Friday, April 13, 2007

The best of both worlds

My usual week at the county hospital, a hospital I spend much of my time in as a surgical resident, involves a number of things that may seem overwhelming to one who might work a standard 9 to 5 office job (particularly when that office job rarely involves blood, pus or excrement of any kind). Things like…

…a work day that starts around 5 AM.
…a work day that ends anywhere from 5 PM that same day to noon the day after.
…an average of 80 hours a week at work and four days off a month.
…a fair amount of sleep deprivation due to that which is listed above
…an even fairer amount of blood, pus, excrement (and a myriad of other bodily fluids for that matter).
…at least once a week, no less than one categorically drunken, drugged-out patient either spitting at me or, equally as charming, calling me a bitch.
…patient upon patient with bullet wound after bullet wound…with bullets that sometimes, oftentimes just by luck, have just grazed the skin…others that have penetrated through the sternum right into the left ventricle of the heart…still others that have miraculously managed to hit a rib anteriorly, ride it all the way posteriorly, and lodge themselves right by the spinal cord without any injury to any organ system whatsoever. Not surprisingly, the latter is the least common of the three listed scenarios. And sadly, there are infinitely more scenarios.
…swollen ankles from hours on end of standing in the operating room.
…ultimately, and what makes me do it, the satisfaction of diagnosing an operable disease, and performing the necessary procedure to take care of the patient (regardless of whether he or she spat at me or not). (And usually, even the spitters are grateful once the anesthesia has worn off.)

It goes without saying that the job is somewhat demanding. And after three solid years of working 80 hours a week, I was very much looking forward to the “break” that a stint of research would give me. Last July I signed on for a two-year leave from my usual clinical schedule to do breast cancer research. Cancer, for reasons near and dear to my heart, is something I’ve had an interest in helping abolish since early on in my medical education. Surgery can be an effective cure, and it’s certainly very satisfying when it is…but oftentimes it’s not. So looking for the reasons for this and finding ways to anticipate and prevent them, is very exciting to be a part of. The breast cancer research community as a whole, a community that spans the entire globe, is at a very pivotal point right now…and participating in it all is fulfilling in a way that is much different from my usual day at the hospital.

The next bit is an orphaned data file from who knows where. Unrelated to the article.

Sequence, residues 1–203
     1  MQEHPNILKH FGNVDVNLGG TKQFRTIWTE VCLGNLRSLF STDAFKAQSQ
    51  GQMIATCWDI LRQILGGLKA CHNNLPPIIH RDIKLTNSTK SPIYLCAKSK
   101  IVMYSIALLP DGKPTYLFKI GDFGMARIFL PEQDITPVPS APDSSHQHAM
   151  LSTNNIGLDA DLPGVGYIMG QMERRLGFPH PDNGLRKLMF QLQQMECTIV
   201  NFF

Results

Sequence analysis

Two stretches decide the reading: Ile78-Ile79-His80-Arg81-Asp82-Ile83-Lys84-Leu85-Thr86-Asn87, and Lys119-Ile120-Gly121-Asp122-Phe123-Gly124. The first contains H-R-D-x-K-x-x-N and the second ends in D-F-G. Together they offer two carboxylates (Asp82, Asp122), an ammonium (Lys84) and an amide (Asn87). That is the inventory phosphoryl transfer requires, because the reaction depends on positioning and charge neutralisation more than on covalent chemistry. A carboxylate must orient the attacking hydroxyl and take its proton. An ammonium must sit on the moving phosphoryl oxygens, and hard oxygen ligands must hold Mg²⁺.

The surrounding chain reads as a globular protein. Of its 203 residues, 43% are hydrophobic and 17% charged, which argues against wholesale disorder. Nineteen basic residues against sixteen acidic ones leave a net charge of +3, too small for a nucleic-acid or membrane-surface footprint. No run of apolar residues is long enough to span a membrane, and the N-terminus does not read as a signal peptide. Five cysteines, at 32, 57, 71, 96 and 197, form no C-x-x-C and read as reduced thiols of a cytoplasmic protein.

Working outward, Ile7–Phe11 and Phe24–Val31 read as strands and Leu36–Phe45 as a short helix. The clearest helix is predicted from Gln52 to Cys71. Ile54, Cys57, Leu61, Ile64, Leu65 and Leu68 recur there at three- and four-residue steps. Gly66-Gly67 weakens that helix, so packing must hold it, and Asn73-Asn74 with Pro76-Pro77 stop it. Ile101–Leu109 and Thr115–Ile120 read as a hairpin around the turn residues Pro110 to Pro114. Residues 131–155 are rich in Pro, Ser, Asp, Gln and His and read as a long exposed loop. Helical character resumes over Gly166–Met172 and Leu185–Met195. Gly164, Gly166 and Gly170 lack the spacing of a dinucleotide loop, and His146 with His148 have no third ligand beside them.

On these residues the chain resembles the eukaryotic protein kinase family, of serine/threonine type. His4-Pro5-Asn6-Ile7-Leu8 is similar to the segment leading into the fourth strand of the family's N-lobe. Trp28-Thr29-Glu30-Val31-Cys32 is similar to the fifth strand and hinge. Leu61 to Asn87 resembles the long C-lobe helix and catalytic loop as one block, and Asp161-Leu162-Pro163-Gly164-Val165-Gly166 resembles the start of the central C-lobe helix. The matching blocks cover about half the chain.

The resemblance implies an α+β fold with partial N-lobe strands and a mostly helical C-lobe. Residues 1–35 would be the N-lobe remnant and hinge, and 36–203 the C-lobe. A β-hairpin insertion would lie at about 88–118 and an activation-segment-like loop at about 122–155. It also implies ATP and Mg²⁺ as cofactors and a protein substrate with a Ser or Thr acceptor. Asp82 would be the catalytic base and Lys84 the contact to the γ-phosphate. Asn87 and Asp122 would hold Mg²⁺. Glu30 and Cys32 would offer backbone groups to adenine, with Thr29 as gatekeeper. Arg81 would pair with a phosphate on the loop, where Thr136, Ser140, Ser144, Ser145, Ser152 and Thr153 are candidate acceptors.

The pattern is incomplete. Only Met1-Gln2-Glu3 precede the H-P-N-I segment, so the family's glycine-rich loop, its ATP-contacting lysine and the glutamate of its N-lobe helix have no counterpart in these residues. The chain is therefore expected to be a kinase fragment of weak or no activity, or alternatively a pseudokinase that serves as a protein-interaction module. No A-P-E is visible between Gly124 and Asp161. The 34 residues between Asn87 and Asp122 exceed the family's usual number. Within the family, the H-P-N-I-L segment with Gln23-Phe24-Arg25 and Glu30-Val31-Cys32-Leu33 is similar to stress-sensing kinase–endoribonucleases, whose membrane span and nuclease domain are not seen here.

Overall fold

Plus! The added perks of a research job are things like…
…a work day that starts around 9 AM.
…a work day that ends anywhere from 5 PM to 7PM.
…an average of 40 hours a week, evenings and weekends off.
…a fair amount of sleep.
…absolutely no blood, pus, or excrement.
…a sheer lack of obscenities being screamed at me by patients
…no bullets
…ankles that do not protest when I attempt to zip up my boots!
…time to do other things…like visit friends and family, dance, and write this blog!

This is temporary…as I’ll go back to my usual clinical schedule in June of 2008. And I suspect that by then, I’ll be ready to jump back in to the chaos of it all. Afterall, I already miss working closely with individual patients and I certainly miss operating. And, sometimes, strangely enough, being screamed at, spit at, or called something profane at 3 AM by a perfect stranger, is more awakening than a stiff cup of coffee!

1. Yes, this means some of my shifts, usually around one to two a week, hover around 30 hours long.
2. To which I usually reply, “That’s ‘Dr. Bitch’ to you, Sir.”


Catherine said...

Dr. Bitch. I like that! Although I don't like the sound of June 2008. I'm thinking blogging will probably be moved to the backburner of your life! That's shitty. And bloody! And pustulent!

edvard moonke said...

I think it's quite sad that people who do extraordinary work, like you, are expected to work such ridiculous hours. what about human error due to lack of sleep? what about properly valuing professioanls who do invaluable work?

p.s. dr bitch does sound kinda cool.

TLM said...

damn skippy... you earned that title!

La Cubana Gringa said...

cathrine - Not necessarily! (It just means there will be more posts about that which is shitty, bloody and pustulent!)

edvard - Would you believe 80 hours is, by law, the upper limit of hours we are supposed to work a week? Before it became law, surgical residents used to work upwards of 100+ hours a week!! 80 hours does sound a bit nuts (and I'll be the first to admit that it kind of is) BUT there are a lot of issues at play here and there has to be a balance between quality of patient care, continuity of care, exposure of the resident in training to all of the surgical procedures that they need to learn, and decent work hours for the resident physician. It's tough, but do-able!

La Cubana Gringa said...

tlm - I'll take that as a compliment! Thanks!

heartinsanfrancisco said...

You must be referring to SF General.

My family has a terrible history of breast cancer, so I'm especially gratified that you're joining in the research for this terrible disease. Thank you.

I mean, thank you, Dr. Bitch. That has a certain ring to it. Although only a drunken moron would insult someone with the power of life and death over him.